Nine weeks just to see a family doctor? Wow.

What the piece didn't mention, and I wish it had, is how these numbers compare to other developed countries, which all have universal health care. Are wait times in the U. S. longer or shorter than in Canada, Western Europe and Japan? I don't know.

And just so no one accuses me of cherry-picking, there was also this:

Even Boston, which has eye-popping wait times, has gotten better. The city’s average wait time dropped from 50 days in 2009 to 45 days in 2013. That’s brings it closer to its level of 39 days in 2004 before Massachusetts adopted its version of health care reform.

Will wait times get longer under Obamacare? I don't know. But they're already a lot longer than I would have thought.

What does this chart tell you?

It tells me that 40 percent of Americans live pretty much paycheck to paycheck. And that the richest one percent can't even spend half their incomes.

So what if we raised the minimum wage to, say, ten bucks or so? Wouldn't that put more money into the pockets of those who actually spend it? And wouldn't that be good for the economy?

Bright red!

The New Yorker cartoon of the day:

Wednesday, January 29, 2014

Pete Seeger died on Monday...

...and according to his obit in the Times (my emphasis):

Mr. Seeger was a prime mover in the folk revival that transformed popular music in the 1950s. As a member of the Weavers, he sang hits including Lead Belly’s “Goodnight, Irene” — which reached No. 1 — and “If I Had a Hammer,” which he wrote with the group’s Lee Hays. Another of Mr. Seeger’s songs, “Where Have All the Flowers Gone?,” became an antiwar standard. And in 1965, the Byrds had a No. 1 hit with a folk-rock version of “Turn! Turn! Turn!,” Mr. Seeger’s setting of a passage from the Book of Ecclesiastes.

Here's one of my favorite versions of “If I Had a Hammer,” by Peter, Paul and Mary.

Mike Huckabee is now leading...

...the pack for the Republican presidential nomination in 2016. (Last week it was Chris Christie.) According to a new PPP poll, the former governor of Arkansas leads with 16 percent. Money quote:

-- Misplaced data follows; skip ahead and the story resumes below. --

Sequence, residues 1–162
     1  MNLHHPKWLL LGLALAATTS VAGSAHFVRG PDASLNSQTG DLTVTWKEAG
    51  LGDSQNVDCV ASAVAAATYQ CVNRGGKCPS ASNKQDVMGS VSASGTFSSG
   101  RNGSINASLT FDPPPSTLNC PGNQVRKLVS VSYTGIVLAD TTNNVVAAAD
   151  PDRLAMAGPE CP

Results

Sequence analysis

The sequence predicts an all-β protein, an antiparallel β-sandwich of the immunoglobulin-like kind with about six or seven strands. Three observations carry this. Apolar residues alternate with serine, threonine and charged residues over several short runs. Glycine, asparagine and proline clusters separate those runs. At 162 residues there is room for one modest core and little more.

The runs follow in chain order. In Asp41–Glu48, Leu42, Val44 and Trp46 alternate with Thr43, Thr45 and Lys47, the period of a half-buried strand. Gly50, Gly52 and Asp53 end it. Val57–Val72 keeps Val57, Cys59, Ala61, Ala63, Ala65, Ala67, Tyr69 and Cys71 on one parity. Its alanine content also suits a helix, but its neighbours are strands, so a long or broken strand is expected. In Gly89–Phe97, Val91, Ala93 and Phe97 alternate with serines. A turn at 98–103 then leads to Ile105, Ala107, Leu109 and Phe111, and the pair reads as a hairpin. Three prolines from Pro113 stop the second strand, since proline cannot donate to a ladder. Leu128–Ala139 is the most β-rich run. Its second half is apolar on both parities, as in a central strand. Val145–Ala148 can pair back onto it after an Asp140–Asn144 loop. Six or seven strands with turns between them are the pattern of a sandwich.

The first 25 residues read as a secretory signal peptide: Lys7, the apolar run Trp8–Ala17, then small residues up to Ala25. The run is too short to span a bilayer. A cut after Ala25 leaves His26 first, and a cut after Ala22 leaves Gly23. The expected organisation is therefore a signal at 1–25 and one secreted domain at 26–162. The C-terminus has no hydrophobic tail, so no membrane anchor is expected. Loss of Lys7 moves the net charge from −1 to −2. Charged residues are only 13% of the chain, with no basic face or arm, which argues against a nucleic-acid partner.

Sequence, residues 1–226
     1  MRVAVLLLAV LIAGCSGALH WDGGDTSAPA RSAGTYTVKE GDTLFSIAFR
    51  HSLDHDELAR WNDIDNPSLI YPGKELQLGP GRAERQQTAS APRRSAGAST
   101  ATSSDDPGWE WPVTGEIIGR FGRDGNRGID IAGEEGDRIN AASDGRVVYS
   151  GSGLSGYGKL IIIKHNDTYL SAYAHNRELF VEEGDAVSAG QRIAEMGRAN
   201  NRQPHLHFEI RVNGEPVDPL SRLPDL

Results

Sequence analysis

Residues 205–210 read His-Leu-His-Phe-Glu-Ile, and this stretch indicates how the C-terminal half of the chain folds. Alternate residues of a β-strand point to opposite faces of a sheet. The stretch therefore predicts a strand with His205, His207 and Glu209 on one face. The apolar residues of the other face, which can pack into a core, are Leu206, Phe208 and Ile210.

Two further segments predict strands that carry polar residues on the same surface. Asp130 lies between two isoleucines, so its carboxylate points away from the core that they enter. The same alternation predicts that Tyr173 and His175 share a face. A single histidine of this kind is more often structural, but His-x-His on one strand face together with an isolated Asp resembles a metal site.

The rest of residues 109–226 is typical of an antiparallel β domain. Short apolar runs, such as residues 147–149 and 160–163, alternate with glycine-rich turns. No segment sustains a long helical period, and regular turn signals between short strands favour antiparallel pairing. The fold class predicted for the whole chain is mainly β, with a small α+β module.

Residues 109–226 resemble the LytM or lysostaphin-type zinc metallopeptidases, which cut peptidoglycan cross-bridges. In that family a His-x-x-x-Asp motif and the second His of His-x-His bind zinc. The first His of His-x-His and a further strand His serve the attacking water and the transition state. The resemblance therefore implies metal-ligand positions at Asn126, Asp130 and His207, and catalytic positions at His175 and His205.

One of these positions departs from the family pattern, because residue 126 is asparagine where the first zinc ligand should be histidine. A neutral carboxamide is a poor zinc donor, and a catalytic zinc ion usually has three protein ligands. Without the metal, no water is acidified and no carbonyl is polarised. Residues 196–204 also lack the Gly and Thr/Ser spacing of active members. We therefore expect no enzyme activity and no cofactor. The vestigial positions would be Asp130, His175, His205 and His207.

“Mike Huckabee’s comments last week didn’t hurt him with the GOP base,” said Dean Debnam, President of Public Policy Polling. “If anything they might have helped him in combination with Chris Christie’s implosion.”

Rounding out the field:

2. Jeb Bush, 14%
3. Chris Christie 13%
4. Rand Paul 11%
5. Ted Cruz, Marco Rubio and Paul Ryan (tied) 8%
8. Scott Walker 6%
9. Bobby Jindal 5%

Huckabee? Really?

I noticed the Republicans...

...finally came up with a replacement plan for Obamacare the other day. Good for them. But from what I've read so far, it looks an awful lot like the Affordable Care Act, only not as good.* And that's the problem. Because before President Obama took office, there were essentially two alternatives out there: the Democratic plan, or single-payer, and the GOP plan, which was signed into law in Massachusetts by a Republican governor. Since the Democrats didn't think they could muster the votes for a single-payer system, they chose to pass the Republican plan instead.

Now, four years later, the horse is out of the barn. (And in full gallop.) So it's really too late for a Republican plan. Romneycare Obamacare was passed in 2010 and is already beginning to work. Something like 9 million people have signed up so far, applicants can't be turned down because of pre-existing conditions, patients can't be dropped from their insurance if they get sick, et cetera, et cetera, et cetera.